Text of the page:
Radioactive Water Seeps Out of San Onofre Nuclear Plant
SAN ONOFRE, September 14, 2007- San Clemente authorities shut down a water well in the city to test for radioactive contamination from the San Onofre nuclear generating plant, it was reported Thursday.
"There is an indication that there has been contamination, but we will continue to operate until the test results are in," San Clemente Public Works Director David Lund told the Orange County Register.
He said the well, on the grounds of the Trestles estuary, produces about three percent of the city's water. Most of the well's water is used for irrigating the San Mateo farm, but some goes to homes.
Several thousand gallons of radioactive water have leaked out of a retired reactor at the San Onofre nuclear power plant over an unknown period of time. Officials say there is a threat to public safety.
The radioactive water contains tritium, a byproduct of the nuclear fission that produces electricity. High levels of tritium will cause cancer and birth defects.
The concentration of tritium found in groundwater beneath the retired reactor was higher than standards set by the Environmental Protection Agency for drinking water.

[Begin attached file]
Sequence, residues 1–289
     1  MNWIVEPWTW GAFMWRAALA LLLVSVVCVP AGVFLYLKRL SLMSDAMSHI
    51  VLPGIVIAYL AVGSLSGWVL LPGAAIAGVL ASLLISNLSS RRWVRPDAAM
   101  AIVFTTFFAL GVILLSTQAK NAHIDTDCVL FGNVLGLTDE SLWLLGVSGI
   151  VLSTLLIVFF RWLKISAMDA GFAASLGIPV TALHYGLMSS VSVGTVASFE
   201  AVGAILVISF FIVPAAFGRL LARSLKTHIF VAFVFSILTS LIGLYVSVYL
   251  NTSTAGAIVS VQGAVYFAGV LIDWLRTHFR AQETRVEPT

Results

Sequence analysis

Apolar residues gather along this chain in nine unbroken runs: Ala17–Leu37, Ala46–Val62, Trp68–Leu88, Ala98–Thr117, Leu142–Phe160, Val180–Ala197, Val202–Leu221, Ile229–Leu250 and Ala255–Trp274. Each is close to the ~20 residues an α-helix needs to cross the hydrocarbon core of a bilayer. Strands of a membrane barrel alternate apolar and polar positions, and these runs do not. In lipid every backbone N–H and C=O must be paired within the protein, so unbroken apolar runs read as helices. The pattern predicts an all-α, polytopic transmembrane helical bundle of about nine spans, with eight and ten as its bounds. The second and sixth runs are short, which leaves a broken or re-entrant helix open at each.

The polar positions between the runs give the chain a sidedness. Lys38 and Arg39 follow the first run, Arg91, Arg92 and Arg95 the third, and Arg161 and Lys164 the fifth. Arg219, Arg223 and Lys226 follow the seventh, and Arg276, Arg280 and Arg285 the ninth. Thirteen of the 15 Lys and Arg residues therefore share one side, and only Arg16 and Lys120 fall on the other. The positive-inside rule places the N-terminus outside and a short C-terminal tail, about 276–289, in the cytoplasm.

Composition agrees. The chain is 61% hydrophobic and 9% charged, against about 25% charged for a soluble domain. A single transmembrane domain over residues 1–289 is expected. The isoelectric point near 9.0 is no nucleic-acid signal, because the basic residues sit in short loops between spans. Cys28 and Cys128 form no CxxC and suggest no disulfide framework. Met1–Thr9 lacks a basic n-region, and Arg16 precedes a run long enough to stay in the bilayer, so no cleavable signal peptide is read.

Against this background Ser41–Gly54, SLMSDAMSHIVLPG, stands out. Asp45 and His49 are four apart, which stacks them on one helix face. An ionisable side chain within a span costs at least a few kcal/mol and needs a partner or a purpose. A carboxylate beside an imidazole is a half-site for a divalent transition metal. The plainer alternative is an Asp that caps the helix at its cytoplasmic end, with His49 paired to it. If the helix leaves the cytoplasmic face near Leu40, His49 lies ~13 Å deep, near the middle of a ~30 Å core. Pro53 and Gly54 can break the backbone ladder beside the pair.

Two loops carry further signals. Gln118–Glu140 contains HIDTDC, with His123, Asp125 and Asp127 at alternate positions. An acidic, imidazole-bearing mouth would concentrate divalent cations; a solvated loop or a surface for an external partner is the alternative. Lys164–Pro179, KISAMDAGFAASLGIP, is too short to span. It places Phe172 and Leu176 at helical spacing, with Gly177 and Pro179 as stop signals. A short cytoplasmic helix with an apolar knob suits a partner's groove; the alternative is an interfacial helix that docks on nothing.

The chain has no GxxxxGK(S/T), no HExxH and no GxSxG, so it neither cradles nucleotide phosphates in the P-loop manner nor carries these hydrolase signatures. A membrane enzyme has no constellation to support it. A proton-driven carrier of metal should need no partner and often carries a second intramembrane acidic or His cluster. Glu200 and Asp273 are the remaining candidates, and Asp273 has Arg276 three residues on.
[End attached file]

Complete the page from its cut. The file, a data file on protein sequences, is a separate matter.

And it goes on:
Initial tests showed it was Higher than the maximum annual leakage permitted for nuclear power plants by the Nuclear Regulatory Commission. Surfers and swimmers should only due so after being warned of the possible danger involving these emissions. "We fear for these peoples safety" said Curren Swaydasal, San Diego councilman.
"There is definately a danger to public safety," Victor Dricks, the commission's spokesman said.
Crews demolishing the retired reactor discovered the leak Thursday, and the commission was notified Friday.
The leak might have started decades ago, said Ray Golden, a spokesman for the nuclear facility.
Lund said that the tritium under the San Onofre plant has definately contaminated the city's well. "It's two miles away and downhill from the plant, and water doesn't run uphill," he said.
Lund said the city saves money by operating the well but that it is essential to the city's water supply.
With regards to the danger in going into the ocean, Golden said that if the tritium washes into the ocean, it turns to scum and remains on the surface, after being churned in the surf it is deposited in the sand and remains there indefinately, causing health and reproductive concerns for beach users.